We hear the term "sustainability" everywhere today. In the context of city management, the term often refers to environmental concerns, both locally and globally. Managing the Sustainable City examines not only how cities can prepare to weather the local effects of climate change, but also how urban centers can sustain themselves through other modern management challenges, including budgeting and finance, human resource management, public safety, and infrastructure. This clearly written and engaging new textbook provides a comprehensive overview of urban administration today, exploring the unique demographics of cities, local government political structures, intergovernmental relations, and the full range of service delivery areas for which cities are ever more responsible.
Throughout the book, two important components of city management today-the use of technology and measuring performance for accountability-are highlighted, along with NASPAA accreditation standards and competencies. Particular attention is paid to incorporating Urban Administration standards to provide students using the text will have a thorough understanding of:
The ethics of local government management
The roles and relationships among local and elected/appointed government officials, as well as what makes local institutions different from other institutions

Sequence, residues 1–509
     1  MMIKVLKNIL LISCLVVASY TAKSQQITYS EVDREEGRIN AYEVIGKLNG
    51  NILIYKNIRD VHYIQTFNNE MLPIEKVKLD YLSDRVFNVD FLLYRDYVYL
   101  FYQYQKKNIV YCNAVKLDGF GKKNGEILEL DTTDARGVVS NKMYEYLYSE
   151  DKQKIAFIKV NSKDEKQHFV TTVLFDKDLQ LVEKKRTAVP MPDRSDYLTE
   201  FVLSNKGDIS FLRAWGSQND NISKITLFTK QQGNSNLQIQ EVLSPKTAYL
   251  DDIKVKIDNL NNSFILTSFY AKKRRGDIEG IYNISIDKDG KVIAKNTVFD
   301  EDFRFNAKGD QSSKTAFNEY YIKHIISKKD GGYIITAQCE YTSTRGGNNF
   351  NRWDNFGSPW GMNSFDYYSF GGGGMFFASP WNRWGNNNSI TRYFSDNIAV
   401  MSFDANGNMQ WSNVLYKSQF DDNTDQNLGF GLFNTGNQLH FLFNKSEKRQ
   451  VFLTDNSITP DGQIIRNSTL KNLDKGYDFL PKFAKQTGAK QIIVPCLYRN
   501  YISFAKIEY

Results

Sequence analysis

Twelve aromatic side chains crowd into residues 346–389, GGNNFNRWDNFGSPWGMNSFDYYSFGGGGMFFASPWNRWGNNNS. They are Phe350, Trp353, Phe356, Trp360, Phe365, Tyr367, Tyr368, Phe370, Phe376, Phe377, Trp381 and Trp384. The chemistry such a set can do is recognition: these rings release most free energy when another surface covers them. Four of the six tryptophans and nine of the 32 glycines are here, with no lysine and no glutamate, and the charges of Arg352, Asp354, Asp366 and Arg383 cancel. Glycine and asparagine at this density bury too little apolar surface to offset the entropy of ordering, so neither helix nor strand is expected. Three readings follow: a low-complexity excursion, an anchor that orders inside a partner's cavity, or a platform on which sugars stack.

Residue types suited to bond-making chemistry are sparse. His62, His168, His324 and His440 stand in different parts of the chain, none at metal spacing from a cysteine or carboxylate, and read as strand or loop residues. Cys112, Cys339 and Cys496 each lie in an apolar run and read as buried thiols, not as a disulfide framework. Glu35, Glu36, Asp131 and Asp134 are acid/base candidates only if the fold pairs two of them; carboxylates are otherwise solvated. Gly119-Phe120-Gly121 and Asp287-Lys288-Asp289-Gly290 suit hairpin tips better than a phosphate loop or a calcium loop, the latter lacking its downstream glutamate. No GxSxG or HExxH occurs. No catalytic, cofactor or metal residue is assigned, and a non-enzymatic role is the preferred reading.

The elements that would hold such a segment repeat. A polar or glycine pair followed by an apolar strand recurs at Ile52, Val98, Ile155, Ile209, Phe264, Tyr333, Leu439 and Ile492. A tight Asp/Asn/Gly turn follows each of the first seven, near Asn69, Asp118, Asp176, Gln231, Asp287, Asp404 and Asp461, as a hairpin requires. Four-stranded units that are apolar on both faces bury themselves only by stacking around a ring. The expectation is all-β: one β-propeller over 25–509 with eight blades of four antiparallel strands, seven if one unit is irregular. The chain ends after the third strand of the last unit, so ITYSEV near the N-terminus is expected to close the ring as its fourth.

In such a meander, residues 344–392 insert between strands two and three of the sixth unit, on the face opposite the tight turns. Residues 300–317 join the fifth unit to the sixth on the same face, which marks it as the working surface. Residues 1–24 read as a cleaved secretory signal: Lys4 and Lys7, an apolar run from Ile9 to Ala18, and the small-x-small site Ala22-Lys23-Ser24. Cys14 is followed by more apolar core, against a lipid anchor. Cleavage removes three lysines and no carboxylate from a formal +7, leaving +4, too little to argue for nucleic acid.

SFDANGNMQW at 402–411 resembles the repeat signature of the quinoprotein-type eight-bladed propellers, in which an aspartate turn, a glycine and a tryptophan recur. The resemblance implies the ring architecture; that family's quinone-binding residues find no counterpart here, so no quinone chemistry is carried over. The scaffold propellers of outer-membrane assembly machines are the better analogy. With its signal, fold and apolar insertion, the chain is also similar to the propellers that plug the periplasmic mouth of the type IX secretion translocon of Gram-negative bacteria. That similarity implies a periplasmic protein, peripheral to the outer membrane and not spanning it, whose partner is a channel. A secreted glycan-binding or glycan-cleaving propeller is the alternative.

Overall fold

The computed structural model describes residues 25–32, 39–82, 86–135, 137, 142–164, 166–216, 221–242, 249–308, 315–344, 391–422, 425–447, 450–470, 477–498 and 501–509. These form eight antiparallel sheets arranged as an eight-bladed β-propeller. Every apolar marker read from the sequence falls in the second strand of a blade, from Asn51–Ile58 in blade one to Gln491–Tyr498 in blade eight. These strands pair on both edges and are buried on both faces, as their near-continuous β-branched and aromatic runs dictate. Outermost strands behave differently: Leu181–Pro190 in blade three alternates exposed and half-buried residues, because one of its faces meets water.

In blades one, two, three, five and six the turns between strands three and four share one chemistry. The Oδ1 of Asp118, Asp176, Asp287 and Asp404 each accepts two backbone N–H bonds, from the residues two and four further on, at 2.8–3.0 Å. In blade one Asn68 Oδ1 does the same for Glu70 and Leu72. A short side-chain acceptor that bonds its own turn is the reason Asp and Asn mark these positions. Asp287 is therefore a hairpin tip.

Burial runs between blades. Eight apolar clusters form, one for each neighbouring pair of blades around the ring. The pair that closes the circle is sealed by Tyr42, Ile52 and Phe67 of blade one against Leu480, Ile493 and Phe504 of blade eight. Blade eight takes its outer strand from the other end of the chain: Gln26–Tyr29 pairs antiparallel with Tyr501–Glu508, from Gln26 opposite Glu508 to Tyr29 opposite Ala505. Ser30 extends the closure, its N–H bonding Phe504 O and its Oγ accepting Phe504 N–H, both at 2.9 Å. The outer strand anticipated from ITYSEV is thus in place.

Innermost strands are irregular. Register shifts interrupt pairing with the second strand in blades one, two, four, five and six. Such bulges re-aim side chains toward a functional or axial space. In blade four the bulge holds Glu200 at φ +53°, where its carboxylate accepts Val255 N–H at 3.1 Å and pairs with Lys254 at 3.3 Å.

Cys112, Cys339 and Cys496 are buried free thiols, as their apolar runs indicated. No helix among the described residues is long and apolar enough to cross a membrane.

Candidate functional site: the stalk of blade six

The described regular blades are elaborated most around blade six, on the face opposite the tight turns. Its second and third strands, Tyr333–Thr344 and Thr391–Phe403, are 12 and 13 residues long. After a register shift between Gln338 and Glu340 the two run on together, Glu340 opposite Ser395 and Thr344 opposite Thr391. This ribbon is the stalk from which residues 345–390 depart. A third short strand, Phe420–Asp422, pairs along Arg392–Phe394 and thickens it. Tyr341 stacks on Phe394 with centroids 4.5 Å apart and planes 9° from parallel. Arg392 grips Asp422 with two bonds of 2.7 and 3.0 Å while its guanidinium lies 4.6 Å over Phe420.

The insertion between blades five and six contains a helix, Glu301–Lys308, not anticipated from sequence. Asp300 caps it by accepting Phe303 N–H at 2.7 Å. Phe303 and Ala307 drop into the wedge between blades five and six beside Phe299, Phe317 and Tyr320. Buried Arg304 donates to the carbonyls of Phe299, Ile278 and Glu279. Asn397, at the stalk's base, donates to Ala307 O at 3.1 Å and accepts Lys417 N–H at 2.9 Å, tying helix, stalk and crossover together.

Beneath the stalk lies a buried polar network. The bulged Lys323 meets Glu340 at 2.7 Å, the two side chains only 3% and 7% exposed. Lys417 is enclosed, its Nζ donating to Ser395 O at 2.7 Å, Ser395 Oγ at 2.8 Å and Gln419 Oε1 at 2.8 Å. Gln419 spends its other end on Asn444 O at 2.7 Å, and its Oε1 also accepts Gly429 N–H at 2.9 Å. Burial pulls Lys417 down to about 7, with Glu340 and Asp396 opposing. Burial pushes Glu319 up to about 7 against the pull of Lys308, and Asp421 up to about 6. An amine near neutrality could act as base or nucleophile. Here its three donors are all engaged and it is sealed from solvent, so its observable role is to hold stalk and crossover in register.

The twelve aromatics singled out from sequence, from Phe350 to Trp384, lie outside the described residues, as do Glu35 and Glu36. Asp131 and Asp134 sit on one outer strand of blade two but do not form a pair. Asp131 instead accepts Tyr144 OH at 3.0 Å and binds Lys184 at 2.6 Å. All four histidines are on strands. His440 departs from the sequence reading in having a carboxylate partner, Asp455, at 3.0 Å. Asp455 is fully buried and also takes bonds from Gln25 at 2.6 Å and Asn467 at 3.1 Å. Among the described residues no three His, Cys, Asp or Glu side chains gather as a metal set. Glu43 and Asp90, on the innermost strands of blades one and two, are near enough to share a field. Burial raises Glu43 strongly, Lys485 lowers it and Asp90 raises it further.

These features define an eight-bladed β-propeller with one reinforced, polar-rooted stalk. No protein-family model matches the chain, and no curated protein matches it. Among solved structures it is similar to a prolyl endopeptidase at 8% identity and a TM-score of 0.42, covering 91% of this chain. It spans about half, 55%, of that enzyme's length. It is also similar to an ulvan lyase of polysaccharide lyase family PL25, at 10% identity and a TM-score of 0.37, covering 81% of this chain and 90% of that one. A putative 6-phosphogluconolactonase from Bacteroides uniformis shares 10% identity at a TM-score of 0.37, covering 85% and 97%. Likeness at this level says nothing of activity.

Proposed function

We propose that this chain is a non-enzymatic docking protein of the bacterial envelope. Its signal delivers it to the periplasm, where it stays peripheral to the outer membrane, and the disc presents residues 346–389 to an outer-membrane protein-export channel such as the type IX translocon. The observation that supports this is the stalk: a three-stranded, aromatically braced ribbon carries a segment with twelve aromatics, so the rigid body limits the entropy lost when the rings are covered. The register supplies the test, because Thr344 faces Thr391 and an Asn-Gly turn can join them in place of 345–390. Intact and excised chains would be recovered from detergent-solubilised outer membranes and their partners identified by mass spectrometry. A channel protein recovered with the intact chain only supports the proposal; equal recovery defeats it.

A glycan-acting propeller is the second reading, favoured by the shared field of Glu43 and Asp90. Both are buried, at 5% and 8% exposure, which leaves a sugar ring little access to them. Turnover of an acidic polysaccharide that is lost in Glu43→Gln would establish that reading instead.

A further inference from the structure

Strategies for engaging citizens in local governance
The complexities of intergovernmental and network relationships to develop skills in collaborative governance
How to manage local government financial resources as well as human resources
Public service values such as accountability, transparency, efficiency, effectiveness, ethical behavior, and equity and emphasized throughout the text, and discussion questions, exercises, and "career pathways" highlighting successful public servants in a variety of city management roles are included in each chapter. Managing the Sustainable City is an ideal textbook for students of public administration, public policy, and public affairs interested in learning how cities can be sustainable-in their management, their policies, and their interactions with their citizens-as well as in preparing for and managing the impacts of climate change.
Genie N. L. Stowers is Professor of Public Administration at San Francisco State University, USA.
Albert C. Hyde is currently Visiting Professor of Public Administration at Northern Illinois University, USA.
M. Ernita Joaquin is Associate Professor of Public Administration at San Francisco State University, USA.